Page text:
Dr. Joseph P. Farrell
January 19, 2017
You may have missed it, but in case you did, Mr. B.B. and many other regular readers here shared this story, to make sure you didn’t miss it. And this is such a bombshell I that its implications and ramifications are still percolating through my mind. The long and short of it is, Google’s “artificial intelligence” program-search engine no longer requires quotation marks around it:
And just in case you read this article and are still so shocked that you’re “missing it,” here it is in all of its frighening-implications-glory:
Phrase-based translation is a blunt instrument. It does the job well enough to get by. But mapping roughly equivalent words and phrases without an understanding of linguistic structures can only produce crude results.
This approach is also limited by the extent of an available vocabulary. Phrase-based translation has no capacity to make educated guesses at words it doesn’t recognize, and can’t learn from new input.
All that changed in September, when Google gave their translation tool a new engine: the Google Neural Machine Translation system (GNMT). This new engine comes fully loaded with all the hot 2016 buzzwords, like neural network and machine learning.
The short version is that Google Translate got smart. It developed the ability to learn from the people who used it. It learned how to make educated guesses about the content, tone, and meaning of phrases based on the context of other words and phrases around them. And — here’s the bit that should make your brain explode — it got creative.
Google Translate invented its own language to help it translate more effectively.
What’s more, nobody told it to. It didn’t develop a language (or interlingua, as Google call it) because it was coded to. It developed a new language because the software determined over time that this was the most efficient way to solve the problem of translation.
Stop and think about that for a moment. Let it sink in. A neural computing system designed to translate content from one human language into another developed its own internal language to make the task more efficient. Without being told to do so. In a matter of weeks.
Now, if you read closely, right after the closing remarks in the quotation above, the author of the article, Mr. Gil Fewster, added this parenthetical comment: “I’ve added a correction/retraction of this paragraph in the notes.” The correction/retraction comes in the form of a comment that Mr. Fewster directs the reader to at the end of his article, from a Mr. Chris MacDonald, who stated:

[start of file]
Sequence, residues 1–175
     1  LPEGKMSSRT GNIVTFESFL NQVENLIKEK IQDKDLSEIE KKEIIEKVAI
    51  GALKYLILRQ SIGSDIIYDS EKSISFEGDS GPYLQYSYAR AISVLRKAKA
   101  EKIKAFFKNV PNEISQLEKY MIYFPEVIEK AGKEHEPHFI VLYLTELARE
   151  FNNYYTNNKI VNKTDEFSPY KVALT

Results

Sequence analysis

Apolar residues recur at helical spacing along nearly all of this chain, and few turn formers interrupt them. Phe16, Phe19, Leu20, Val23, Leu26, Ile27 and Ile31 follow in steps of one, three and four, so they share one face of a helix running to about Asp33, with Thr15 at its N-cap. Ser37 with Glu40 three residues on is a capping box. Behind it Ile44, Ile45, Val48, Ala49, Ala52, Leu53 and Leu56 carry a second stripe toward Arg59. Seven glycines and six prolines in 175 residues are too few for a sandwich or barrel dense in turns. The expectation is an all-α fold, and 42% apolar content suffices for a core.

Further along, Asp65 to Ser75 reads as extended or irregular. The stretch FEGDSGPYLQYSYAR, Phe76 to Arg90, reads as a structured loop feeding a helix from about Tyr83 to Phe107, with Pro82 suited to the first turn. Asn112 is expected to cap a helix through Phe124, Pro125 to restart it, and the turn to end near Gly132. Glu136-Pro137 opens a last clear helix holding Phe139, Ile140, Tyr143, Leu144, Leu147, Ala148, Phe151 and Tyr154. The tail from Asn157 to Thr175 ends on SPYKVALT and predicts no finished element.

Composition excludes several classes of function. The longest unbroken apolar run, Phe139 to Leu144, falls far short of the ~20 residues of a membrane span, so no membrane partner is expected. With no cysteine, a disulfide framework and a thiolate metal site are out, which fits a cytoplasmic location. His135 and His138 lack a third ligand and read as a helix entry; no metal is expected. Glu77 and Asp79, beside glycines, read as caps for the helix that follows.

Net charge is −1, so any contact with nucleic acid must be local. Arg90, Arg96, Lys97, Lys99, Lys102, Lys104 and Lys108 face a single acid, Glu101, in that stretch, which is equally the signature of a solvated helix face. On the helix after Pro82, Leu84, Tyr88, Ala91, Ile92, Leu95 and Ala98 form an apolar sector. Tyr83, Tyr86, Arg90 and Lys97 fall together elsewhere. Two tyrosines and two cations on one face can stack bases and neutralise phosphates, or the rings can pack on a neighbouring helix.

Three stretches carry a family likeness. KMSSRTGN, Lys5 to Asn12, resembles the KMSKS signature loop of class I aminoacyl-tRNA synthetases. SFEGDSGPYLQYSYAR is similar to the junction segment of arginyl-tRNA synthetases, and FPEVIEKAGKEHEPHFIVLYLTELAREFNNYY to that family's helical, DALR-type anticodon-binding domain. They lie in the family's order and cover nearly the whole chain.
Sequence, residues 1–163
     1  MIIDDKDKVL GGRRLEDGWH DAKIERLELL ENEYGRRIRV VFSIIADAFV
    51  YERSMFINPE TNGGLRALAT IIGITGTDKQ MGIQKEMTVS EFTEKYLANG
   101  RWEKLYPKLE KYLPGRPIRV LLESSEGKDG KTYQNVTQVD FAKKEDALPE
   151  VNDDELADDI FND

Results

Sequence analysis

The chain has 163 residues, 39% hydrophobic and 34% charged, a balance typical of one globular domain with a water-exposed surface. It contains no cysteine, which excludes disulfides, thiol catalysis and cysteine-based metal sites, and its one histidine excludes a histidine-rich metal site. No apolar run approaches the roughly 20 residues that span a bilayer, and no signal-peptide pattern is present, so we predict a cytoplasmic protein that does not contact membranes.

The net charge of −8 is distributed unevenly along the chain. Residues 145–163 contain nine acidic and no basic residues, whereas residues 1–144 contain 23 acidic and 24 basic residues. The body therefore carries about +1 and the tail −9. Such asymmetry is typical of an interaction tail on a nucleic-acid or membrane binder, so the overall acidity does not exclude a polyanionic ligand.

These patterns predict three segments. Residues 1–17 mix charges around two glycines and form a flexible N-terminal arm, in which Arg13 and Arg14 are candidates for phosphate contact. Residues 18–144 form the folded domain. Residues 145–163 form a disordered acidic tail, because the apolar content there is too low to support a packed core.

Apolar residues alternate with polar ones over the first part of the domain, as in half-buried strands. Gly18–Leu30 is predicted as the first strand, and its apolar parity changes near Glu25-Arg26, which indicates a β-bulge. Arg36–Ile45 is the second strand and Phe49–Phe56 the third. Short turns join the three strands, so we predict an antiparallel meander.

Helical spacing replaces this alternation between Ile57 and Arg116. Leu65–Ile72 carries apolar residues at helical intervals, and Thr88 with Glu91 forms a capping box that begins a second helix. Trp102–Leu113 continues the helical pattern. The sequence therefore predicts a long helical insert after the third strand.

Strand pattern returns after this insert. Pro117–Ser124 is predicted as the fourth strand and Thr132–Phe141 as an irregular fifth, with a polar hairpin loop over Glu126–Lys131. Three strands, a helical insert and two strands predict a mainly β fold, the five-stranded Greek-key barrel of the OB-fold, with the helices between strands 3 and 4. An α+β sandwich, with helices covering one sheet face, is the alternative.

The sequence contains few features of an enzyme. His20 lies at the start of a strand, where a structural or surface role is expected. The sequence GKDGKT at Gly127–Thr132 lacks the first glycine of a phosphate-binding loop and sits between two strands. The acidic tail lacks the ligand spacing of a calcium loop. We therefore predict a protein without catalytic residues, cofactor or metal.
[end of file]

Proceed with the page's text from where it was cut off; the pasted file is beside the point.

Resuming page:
Ok slow down.
The AI didn’t invent its own language nor did it get creativity. Saying that is like saying calculators are smart and one day they’ll take all the math teachers’ jobs.
What Google found was that their framework was working even better than they expected. That’s awesome because when you’re doing R&D you learn to expect things to fail rather than work perfectly.
How it’s workings that, through all the data it’s reading, it’s observing patterns in language. What they found is that if it knew English to Korean, and English to Japanese, it could actually get pretty good results translating Korean to Japanese (through the common ground of English).
The universal language, or the interlingua, is a not it’s own language per se. It’s the commonality found inbetween many languages. Psychologists have been talking about it for years. As matter of fact, this work is perhaps may be even more important to Linguistics and Psychology than it is to computer science.
We’ve already observed that swear words tend to be full of harsh sounds ( “p” “c” “k” and “t”) and sibilance (“S” and “f”) in almost any language. If you apply the phonetic sounds to the Google’s findings, psychologists could make accurate observations about which sounds tend to universally correlate to which concepts. (Emphasis added)
Now, this puts that business on the computer teaching itself into a little less hysterical category and into a more “Chomskian” place; after all, the famous MIT linguist has been saying for decades that there’s a common universal “grammar” underlying all languages, and not just common phonemes, as Mr. MacDonald points out in the last paragraph of the above quotation.
But, the problem still remains: the computer used one set of patterns it noticed in one context, that appeared in another context, and then mapped that pattern into a new context unfamiliar to it. That, precisely, is analogical thinking, it is a topological process that seems almost innate in our every thought, and that, precisely, is the combustion engine of human intelligence (and in my opinion, of any intelligence).
And that raises some nasty high octane speculations, particularly for those who have been following my “CERN” speculations about hidden “data correlation” experiments, for such data correlations would require massive computing power, and also an ability to do more or less this pattern recognition and “mapping” function. The hidden implication with that is that if this is what Google is willing to talk about publicly, imagine what has…
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About Joseph P. Farrell
Joseph P. Farrell has a doctorate in patristics from the University of Oxford, and pursues research in physics, alternative history and science, and “strange stuff”. His book The Giza DeathStar, for which the Giza Community is named, was published in the spring of 2002, and was his first venture into “alternative history and science”.